Author: Shernide Delva
Much more than presidential candidates was on the Florida ballot. In fact, there were very important amendments pending approval. Amendment 2, formally known as the Florida Medical Marijuana Legislation Initiative, passed. The amendment allows for prescribing of medical marijuana for diseases such as PTSD, glaucoma, HIV, ALS and Crohns disease. For the first time, marijuana is legal, at least for medical and in some cases for recreational purposes, in 29 states.
According to the Associated Press, Florida voters approved the state constitutional amendment to legalize medical marijuana Tuesday. As of 8:30 p.m. EST, the amendment passed with a 71 percent approval rate based on more than 68 percent of the vote at the time.
People United for Medical Marijuana raised almost double what the opposition did. The Morgan Firm and the Florida Democratic Part were among the top donors to contribute to the effort. The amendment is a significant expansion of the limited program in place now.
Currently, there is a special program for physicians to prescribe non-smokeable low-THC cannabis to patients with cancer or who suffer from seizures or severe muscle spasms. Amendment 2 will now allow wider access to marijuana for medical use only.
In case you forgot, a similar initiative to Amendment 2 was defeated by a narrow margin in the 2014 election. The amendment fell two points short of the 60 percent supermajority it needed to pass.
The difference in Amendment 2 is that it had a much narrower definition of “debilitating medical condition.” It also clarified the requirement for obtaining consent from parents of patients younger than 18. Florida was not the only state with marijuana on the ballot. This new clarification may have made the amendment more favorable for both sides.
In addition to Florida, many other states had Marijuana Legalization on their ballot in one form or another. Here are the results:
Approved Recreational Marijuana:
Approved Medical Marijuana:
- North Dakota
Denied Recreational Marijuana:
Marijuana Legalization: Pros vs. Cons
In Colorado, the marijuana industry created more than 18,000 full-time jobs last year and generated $2.39 billion in economic activity, according to an analysis from the Marijuana Policy Group. Furthermore, California will benefit from recreational marijuana reform because it allows for better regulations that would help with the drought epidemic in the state.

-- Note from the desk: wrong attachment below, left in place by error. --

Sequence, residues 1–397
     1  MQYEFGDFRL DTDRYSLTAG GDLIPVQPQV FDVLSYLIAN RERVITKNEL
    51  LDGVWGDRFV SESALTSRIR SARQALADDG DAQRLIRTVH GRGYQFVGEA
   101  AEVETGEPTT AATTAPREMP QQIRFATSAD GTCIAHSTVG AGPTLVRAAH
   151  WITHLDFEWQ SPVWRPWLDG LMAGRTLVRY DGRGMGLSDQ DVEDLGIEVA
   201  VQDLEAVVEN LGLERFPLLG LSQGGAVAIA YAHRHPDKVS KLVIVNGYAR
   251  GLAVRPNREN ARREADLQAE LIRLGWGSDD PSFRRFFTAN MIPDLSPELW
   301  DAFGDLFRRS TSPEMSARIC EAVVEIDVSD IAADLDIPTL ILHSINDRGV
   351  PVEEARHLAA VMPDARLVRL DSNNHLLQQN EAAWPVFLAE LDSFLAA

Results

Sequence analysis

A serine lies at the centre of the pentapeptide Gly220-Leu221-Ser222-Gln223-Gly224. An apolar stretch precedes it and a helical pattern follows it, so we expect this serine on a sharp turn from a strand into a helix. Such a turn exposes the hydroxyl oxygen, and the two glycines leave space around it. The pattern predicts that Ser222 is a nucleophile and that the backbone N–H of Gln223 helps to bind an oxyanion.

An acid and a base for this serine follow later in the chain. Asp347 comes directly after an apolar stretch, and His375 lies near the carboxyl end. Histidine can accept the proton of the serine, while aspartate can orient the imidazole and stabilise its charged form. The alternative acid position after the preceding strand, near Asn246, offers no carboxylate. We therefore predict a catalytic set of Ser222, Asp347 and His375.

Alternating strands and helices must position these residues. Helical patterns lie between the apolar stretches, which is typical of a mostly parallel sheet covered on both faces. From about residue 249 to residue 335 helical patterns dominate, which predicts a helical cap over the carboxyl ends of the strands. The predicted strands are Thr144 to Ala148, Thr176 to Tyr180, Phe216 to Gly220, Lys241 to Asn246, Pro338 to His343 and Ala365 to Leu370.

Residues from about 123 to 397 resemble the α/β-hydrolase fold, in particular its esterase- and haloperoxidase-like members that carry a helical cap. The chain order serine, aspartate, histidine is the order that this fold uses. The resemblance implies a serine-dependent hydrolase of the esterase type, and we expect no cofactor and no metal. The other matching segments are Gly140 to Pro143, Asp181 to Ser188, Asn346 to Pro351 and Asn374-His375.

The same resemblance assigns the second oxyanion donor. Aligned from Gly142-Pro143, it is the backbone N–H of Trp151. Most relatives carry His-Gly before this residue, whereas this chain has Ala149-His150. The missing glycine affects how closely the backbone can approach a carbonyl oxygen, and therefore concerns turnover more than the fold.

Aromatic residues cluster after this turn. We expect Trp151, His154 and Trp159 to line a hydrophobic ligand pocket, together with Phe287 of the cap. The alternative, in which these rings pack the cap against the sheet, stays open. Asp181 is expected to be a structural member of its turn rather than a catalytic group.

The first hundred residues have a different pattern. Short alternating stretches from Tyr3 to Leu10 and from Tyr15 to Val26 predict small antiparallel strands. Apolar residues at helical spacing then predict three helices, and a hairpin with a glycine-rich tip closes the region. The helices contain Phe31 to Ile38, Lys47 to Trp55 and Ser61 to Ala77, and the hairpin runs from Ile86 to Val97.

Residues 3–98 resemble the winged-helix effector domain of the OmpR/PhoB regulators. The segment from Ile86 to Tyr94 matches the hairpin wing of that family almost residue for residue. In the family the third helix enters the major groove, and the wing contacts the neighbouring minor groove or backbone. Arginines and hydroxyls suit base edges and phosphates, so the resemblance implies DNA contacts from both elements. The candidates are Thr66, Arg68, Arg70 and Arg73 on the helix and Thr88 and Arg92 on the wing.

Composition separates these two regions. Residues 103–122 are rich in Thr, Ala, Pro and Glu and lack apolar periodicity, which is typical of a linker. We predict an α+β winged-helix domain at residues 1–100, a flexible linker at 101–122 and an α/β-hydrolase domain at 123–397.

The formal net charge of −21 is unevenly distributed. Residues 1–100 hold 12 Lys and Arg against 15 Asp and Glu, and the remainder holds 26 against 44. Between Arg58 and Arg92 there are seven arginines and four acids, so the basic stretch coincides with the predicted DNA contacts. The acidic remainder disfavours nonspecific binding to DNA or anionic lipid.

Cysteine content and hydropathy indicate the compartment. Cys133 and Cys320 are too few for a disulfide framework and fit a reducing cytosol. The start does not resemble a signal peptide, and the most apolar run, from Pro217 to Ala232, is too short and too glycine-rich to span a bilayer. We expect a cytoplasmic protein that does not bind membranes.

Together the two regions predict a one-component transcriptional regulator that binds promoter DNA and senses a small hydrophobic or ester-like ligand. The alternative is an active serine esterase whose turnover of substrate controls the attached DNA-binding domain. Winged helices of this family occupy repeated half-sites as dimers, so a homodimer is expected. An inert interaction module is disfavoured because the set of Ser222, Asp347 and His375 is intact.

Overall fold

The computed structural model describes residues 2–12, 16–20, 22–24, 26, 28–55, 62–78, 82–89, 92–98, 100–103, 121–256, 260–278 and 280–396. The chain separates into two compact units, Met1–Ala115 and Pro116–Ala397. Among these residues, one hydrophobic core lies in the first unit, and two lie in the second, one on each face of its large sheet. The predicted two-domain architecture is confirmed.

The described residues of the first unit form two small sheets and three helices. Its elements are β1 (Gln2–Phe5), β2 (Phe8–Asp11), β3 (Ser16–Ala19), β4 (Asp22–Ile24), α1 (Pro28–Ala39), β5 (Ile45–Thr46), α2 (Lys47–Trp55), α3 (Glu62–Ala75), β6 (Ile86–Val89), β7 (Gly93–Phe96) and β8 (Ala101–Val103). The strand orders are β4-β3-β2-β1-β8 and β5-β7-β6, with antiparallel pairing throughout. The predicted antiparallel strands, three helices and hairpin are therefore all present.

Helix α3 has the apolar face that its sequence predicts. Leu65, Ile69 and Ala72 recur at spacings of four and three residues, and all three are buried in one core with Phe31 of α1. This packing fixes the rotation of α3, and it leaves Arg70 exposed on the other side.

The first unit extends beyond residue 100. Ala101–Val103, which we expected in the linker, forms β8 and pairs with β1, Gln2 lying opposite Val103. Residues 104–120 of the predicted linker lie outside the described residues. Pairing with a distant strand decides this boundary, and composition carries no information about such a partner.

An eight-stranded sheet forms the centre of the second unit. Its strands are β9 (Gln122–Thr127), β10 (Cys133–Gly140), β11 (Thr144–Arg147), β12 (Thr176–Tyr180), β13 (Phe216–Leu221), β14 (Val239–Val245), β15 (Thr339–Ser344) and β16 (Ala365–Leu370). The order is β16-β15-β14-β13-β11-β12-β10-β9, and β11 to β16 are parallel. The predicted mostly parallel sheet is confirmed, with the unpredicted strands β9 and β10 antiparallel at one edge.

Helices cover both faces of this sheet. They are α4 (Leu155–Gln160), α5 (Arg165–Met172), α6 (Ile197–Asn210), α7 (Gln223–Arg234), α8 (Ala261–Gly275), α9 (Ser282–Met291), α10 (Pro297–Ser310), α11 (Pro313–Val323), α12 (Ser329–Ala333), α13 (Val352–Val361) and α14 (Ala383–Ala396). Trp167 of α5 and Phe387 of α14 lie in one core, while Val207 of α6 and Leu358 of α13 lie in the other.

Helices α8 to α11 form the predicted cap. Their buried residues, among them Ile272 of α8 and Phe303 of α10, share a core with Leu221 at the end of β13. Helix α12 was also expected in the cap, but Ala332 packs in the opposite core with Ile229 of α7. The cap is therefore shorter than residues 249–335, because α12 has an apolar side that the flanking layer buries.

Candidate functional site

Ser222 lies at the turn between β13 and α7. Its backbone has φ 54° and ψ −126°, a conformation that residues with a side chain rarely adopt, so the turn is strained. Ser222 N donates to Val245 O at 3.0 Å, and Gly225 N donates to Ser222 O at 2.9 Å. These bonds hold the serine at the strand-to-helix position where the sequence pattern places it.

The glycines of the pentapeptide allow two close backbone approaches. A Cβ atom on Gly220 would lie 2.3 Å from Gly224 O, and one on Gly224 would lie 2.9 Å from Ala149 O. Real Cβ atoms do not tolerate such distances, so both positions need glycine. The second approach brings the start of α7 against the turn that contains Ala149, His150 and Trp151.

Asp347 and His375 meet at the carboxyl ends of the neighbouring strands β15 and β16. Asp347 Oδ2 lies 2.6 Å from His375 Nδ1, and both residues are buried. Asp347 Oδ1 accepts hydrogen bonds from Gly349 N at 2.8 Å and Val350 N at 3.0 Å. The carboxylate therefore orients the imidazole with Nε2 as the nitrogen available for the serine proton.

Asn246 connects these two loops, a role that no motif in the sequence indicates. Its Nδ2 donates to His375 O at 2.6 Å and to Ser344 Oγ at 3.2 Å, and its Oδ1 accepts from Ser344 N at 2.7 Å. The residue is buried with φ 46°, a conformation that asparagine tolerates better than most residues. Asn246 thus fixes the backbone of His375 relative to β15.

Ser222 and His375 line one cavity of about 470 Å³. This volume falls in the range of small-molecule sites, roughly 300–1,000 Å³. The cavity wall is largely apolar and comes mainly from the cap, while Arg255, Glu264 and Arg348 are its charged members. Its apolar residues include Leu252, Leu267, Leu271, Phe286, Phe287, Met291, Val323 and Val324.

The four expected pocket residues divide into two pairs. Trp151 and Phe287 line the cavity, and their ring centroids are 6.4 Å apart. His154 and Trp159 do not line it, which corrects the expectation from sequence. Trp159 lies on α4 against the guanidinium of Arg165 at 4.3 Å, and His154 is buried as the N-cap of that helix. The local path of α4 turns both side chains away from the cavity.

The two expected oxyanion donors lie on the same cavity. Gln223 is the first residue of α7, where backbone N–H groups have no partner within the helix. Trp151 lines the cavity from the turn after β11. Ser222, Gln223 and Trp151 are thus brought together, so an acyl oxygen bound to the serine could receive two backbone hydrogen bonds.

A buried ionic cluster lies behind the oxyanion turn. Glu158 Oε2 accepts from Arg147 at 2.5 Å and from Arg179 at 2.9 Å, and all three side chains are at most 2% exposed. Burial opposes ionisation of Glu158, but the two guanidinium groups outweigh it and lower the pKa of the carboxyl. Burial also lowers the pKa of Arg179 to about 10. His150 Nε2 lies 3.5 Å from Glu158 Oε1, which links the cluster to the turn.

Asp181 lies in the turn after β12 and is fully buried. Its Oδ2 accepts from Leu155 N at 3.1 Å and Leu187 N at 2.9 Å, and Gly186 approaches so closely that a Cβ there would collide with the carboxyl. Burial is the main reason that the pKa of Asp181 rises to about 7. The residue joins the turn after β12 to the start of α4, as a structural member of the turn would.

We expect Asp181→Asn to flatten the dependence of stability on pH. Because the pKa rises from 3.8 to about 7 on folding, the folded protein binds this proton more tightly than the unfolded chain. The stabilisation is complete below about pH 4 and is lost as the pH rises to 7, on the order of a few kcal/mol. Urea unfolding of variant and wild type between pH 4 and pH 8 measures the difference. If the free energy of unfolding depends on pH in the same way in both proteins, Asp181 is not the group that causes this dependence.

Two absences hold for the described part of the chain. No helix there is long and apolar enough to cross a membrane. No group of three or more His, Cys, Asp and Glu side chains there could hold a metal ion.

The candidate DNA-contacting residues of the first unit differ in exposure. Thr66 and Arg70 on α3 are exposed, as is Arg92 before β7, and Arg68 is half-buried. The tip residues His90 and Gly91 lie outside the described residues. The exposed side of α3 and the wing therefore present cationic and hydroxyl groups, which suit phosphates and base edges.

However, those benefits do come with consequences. Emergency rooms have seen a significant increase in adult marijuana-related exposure cases. The number of calls to poison control centers involving Colorado children has gone up as well as the number of children taken to the hospital for treatment due to unintentional marijuana exposure.
When it comes to marijuana legalization, the opinion on the matter varies. However, research has shown consistently that the drug is helpful for many health conditions. As a result, more and more people are at least in support of medical marijuana even if they are sternly against recreational use. There are at least two active chemicals in marijuana that have studied medicinal applications. Those are cannabidiol (CBD) — which seems to impact the brain without a high— and tetrahydrocannabinol (THC) — which has pain relieving (and other) properties.
Benefits of Marijuana include treating:
- Epileptic Seizures
- Alzheimer’s disease
- Multiple Sclerosis
- Muscle Spasms
- Hepatitis C
- Among many others
Still, like any drug, marijuana has the potential to be abused. Marijuana addiction is a real problem for people. Regardless of whether you are in support of marijuana reform or not, the recent decisions made on Tuesday are historic changes. Marijuana is being viewed in a way is never was before. What are your thoughts on marijuana reform? If you or someone you love is struggling with substance abuse or addiction, please call now.